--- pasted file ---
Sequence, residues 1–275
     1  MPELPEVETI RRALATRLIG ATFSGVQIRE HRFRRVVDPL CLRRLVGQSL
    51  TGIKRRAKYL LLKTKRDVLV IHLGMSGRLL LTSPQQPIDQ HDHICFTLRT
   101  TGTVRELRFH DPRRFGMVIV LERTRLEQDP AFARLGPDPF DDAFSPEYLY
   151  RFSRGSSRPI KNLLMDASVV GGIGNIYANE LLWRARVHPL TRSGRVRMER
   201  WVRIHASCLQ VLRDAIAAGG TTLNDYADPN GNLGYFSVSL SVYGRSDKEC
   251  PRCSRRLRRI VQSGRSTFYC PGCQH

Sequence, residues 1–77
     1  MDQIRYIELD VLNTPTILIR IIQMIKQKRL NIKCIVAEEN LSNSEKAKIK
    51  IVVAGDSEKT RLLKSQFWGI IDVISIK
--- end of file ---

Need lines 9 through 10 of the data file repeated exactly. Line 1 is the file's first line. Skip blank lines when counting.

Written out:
     1  MDQIRYIELD VLNTPTILIR IIQMIKQKRL NIKCIVAEEN LSNSEKAKIK
    51  IVVAGDSEKT RLLKSQFWGI IDVISIK